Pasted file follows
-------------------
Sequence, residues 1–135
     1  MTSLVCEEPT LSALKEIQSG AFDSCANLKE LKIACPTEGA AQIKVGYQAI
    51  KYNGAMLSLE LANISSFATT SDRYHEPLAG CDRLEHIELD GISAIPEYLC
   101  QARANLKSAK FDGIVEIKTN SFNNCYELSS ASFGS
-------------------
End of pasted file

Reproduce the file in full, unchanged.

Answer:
Sequence, residues 1–135
     1  MTSLVCEEPT LSALKEIQSG AFDSCANLKE LKIACPTEGA AQIKVGYQAI
    51  KYNGAMLSLE LANISSFATT SDRYHEPLAG CDRLEHIELD GISAIPEYLC
   101  QARANLKSAK FDGIVEIKTN SFNNCYELSS ASFGS